References

Bowen,W. G., Chingos, M. M., Lack, K. A., &amp Nygren, T. I. (2012).Interactivelearning online at public universities: Evidence from randomizedtrials.New York, NY: Ithaka S+R.

Bruff,D. O. et al (2013). Wrapping a MOOC: Student Perceptions of anExperiment in Blended Learning, MERLOTJournal of Online Learning and Teaching,9(2).

Daniel,J. (2012). Making sense of MOOCs: Musings in a maze of myth, paradoxand possibility. Journalof Interactive Media in Education,3.

Fini,A. (2009). The technological dimension of a massive open onlinecourse: The case of the CCK08 course tools. TheInternational Review Of Research In Open And Distance Learning,10(5).

Garrison,D. R. and Kanuka, H. (2004). Blended learning: Uncovering itstransformative potential in higher education. The internetand higher education,7, (2), 95–105.

Grünewald,F., Meinel, C., Totschnig, M., &amp Willems, C. (2013). DesigningMOOCs for the Support of Multiple Learning Styles. In Scaling upLearning for Sustained Impact(pp. 371-382). Springer Berlin Heidelberg.

Guthrie,K. M. (2012). Barriers to the adoption of online learning systems.EDUCAUSEReview,47(4), 50-51.

Hecking,T. (2014). Analysisofdynamic resource access patterns in a blended learning course,Proceedings of the Fourth International Conference on LearningAnalytics and Knowledge.

LaMartina,D. (2013). BlendedMOOCs: The Best of Both Worlds?http://campustechnology.com/articles/2013/08/21/blended-moocs-the-best-of-both-worlds.aspx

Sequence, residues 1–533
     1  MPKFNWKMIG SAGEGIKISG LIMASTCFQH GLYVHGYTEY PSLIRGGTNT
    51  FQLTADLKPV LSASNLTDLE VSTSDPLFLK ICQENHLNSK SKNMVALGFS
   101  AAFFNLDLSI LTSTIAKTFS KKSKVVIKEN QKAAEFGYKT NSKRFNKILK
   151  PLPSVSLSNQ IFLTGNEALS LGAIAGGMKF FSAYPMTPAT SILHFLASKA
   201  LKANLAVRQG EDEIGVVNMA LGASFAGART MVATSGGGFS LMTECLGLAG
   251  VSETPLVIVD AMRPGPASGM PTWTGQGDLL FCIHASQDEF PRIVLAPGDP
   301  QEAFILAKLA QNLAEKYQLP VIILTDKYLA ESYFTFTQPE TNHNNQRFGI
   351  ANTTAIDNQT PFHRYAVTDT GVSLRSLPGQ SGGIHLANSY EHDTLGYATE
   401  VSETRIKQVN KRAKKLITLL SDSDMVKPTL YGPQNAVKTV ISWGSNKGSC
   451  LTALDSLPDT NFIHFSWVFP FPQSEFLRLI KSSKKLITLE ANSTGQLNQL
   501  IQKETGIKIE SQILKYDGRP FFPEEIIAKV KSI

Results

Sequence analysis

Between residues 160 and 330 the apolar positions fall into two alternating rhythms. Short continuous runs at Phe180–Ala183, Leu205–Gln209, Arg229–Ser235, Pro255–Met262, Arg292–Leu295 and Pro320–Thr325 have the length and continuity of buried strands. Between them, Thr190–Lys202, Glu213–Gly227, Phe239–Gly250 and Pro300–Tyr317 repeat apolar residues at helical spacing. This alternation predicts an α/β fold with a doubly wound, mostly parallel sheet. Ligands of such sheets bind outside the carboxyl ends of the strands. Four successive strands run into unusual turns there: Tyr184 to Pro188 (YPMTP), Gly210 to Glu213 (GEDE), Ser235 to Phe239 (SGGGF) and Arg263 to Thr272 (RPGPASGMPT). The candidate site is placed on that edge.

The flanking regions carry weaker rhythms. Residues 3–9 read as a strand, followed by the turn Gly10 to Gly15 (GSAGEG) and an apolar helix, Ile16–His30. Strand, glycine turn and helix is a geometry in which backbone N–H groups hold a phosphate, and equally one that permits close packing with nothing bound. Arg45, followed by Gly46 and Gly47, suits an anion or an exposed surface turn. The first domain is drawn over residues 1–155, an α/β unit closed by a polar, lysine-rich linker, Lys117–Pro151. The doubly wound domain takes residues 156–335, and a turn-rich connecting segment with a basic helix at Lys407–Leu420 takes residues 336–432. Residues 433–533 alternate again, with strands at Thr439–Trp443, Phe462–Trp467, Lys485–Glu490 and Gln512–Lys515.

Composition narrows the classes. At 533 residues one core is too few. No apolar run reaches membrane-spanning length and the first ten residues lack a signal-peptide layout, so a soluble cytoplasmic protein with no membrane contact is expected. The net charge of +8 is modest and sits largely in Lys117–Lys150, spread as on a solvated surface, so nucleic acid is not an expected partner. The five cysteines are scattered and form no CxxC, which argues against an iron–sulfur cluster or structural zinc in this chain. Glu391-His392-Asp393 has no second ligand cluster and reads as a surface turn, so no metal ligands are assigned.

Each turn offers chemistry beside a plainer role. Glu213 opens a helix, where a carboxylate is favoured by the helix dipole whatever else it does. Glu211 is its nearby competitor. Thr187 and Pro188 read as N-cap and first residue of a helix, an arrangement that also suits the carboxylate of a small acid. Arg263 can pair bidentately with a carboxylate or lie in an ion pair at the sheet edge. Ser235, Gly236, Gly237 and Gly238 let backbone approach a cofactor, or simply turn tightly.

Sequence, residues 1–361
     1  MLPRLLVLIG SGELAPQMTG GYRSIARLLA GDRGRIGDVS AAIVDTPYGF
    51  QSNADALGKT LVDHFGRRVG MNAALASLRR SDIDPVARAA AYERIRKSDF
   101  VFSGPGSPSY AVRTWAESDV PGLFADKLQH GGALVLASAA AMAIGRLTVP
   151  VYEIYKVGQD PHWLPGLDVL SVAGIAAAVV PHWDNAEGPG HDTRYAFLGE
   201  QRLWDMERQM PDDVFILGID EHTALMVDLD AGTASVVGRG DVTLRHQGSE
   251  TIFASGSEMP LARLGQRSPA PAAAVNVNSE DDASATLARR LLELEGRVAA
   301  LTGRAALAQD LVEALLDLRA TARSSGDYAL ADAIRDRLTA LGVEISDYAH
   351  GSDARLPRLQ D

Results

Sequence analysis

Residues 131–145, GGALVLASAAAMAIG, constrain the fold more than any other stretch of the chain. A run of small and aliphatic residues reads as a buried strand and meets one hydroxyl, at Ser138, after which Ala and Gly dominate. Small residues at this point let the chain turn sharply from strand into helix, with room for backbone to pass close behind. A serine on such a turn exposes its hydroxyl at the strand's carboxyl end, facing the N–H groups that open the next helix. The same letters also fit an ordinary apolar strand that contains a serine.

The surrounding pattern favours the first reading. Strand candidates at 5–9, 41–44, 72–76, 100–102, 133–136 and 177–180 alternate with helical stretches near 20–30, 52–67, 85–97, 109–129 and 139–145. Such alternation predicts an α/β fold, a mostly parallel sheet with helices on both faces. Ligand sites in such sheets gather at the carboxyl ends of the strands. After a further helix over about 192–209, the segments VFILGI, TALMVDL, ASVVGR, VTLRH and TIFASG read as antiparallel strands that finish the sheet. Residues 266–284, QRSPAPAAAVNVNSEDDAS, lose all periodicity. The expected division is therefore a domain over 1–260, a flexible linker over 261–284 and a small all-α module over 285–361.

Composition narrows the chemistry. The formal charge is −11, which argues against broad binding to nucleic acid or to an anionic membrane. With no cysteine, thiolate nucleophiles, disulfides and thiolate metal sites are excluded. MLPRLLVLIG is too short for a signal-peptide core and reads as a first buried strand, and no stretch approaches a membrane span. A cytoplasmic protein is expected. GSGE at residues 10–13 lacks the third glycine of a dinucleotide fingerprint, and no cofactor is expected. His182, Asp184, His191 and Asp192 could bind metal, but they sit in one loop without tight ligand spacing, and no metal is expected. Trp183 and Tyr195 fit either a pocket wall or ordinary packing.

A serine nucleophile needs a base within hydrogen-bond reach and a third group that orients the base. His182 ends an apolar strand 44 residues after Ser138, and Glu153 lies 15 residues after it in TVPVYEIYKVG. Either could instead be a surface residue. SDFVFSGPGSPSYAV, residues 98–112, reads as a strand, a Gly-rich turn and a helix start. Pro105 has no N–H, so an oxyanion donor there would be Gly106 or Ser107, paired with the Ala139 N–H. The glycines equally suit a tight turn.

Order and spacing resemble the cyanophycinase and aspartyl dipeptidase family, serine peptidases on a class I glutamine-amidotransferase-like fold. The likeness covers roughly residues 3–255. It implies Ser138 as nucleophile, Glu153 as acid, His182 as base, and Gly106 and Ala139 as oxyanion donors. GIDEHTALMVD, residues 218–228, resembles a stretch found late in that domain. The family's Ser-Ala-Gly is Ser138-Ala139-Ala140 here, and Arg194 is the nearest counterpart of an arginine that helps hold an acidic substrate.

Luo,H., Robinson, A. C., &amp Park, J. Y. (2014). Peer Grading in aMOOC: Reliability, Validity, and Perceived Effects. OnlineLearning: Official Journal of the Online Learning Consortium,18(2).

Mangan,K. (2012, October 1). Massiveexcitement about online courses. The Chronicle of Higher Education. http://www.chronicle.com/article/Massive-Excitement-About/134678/

Means,B., Toyama, Y., Murphy, R., Bakia, M., &amp Jones, K. (2010).Evaluation of evidence-based practices in online learning: Ameta-analysis and review of online learning studies. Washington, DC:U.S. Department of Education, Office of Planning, Evaluation, andPolicy Development.

Ostashewski,N., &amp Reid, D. (2012). Deliveringa MOOC using a social networking site: the SMOOC Design model. InProc. IADIS International Conference on Internet Technologies &ampSociety, (2012), 217-220.

Rodriguez,M. A., &amp Anicete, R. C. R. (2010). Students` views of a mixedhybrid ecology course. MERLOTJournal of Online Learning and Teaching,6(4), 791-798.

Rodriguez,O. (2012). MOOCs and the AI-Stanford like Courses: two successful anddistinct course formats for massive open online courses. EuropeanJournal of Open, Distance, and E-Learning,(2012).

Sánchez-Vera,M. M., &amp Prendes-Espinosa, M. P. (2015). Beyond objective testingand peer assessment: alternative ways of assessment in MOOCs. RUSC.,12(1). pp. 119-130.

Sandeen,C. (2013). Assessment’s place in the new MOOC world. Research&amp Practice in Assessment,8 (1), 5-12.

Yousef,A. M.et al (2014). MOOCs – A Review of the State-of-the-Art. In Proc.CSEDU2014 conference,Vol. 3, pp. 9-20. INSTICC, 2014.